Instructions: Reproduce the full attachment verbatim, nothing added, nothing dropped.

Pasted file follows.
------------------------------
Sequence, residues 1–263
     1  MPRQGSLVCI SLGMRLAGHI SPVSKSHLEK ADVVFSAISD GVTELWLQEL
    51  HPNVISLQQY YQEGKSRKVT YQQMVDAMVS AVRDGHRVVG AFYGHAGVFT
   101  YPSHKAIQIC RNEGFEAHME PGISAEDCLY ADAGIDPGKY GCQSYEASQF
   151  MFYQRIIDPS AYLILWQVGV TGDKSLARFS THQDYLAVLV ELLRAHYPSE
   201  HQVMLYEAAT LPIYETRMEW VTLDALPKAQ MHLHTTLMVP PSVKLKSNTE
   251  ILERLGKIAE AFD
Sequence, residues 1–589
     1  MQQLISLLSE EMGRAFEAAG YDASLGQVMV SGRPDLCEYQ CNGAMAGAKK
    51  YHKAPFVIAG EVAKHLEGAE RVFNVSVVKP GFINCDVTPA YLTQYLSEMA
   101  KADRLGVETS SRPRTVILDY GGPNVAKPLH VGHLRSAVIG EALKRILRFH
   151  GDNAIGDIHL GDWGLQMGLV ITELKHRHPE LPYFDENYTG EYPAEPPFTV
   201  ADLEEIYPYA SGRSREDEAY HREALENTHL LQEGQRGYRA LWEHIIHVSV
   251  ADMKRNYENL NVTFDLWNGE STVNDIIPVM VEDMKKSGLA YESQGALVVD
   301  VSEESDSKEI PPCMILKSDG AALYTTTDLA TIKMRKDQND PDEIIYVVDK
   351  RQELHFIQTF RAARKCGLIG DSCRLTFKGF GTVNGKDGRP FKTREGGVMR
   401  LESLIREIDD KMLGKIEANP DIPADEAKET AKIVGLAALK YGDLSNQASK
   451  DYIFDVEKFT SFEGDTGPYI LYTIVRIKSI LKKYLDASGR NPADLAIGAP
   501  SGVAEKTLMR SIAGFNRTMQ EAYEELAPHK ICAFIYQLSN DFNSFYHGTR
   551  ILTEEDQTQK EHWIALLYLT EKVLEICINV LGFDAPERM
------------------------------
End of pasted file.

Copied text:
Sequence, residues 1–263
     1  MPRQGSLVCI SLGMRLAGHI SPVSKSHLEK ADVVFSAISD GVTELWLQEL
    51  HPNVISLQQY YQEGKSRKVT YQQMVDAMVS AVRDGHRVVG AFYGHAGVFT
   101  YPSHKAIQIC RNEGFEAHME PGISAEDCLY ADAGIDPGKY GCQSYEASQF
   151  MFYQRIIDPS AYLILWQVGV TGDKSLARFS THQDYLAVLV ELLRAHYPSE
   201  HQVMLYEAAT LPIYETRMEW VTLDALPKAQ MHLHTTLMVP PSVKLKSNTE
   251  ILERLGKIAE AFD
Sequence, residues 1–589
     1  MQQLISLLSE EMGRAFEAAG YDASLGQVMV SGRPDLCEYQ CNGAMAGAKK
    51  YHKAPFVIAG EVAKHLEGAE RVFNVSVVKP GFINCDVTPA YLTQYLSEMA
   101  KADRLGVETS SRPRTVILDY GGPNVAKPLH VGHLRSAVIG EALKRILRFH
   151  GDNAIGDIHL GDWGLQMGLV ITELKHRHPE LPYFDENYTG EYPAEPPFTV
   201  ADLEEIYPYA SGRSREDEAY HREALENTHL LQEGQRGYRA LWEHIIHVSV
   251  ADMKRNYENL NVTFDLWNGE STVNDIIPVM VEDMKKSGLA YESQGALVVD
   301  VSEESDSKEI PPCMILKSDG AALYTTTDLA TIKMRKDQND PDEIIYVVDK
   351  RQELHFIQTF RAARKCGLIG DSCRLTFKGF GTVNGKDGRP FKTREGGVMR
   401  LESLIREIDD KMLGKIEANP DIPADEAKET AKIVGLAALK YGDLSNQASK
   451  DYIFDVEKFT SFEGDTGPYI LYTIVRIKSI LKKYLDASGR NPADLAIGAP
   501  SGVAEKTLMR SIAGFNRTMQ EAYEELAPHK ICAFIYQLSN DFNSFYHGTR
   551  ILTEEDQTQK EHWIALLYLT EKVLEICINV LGFDAPERM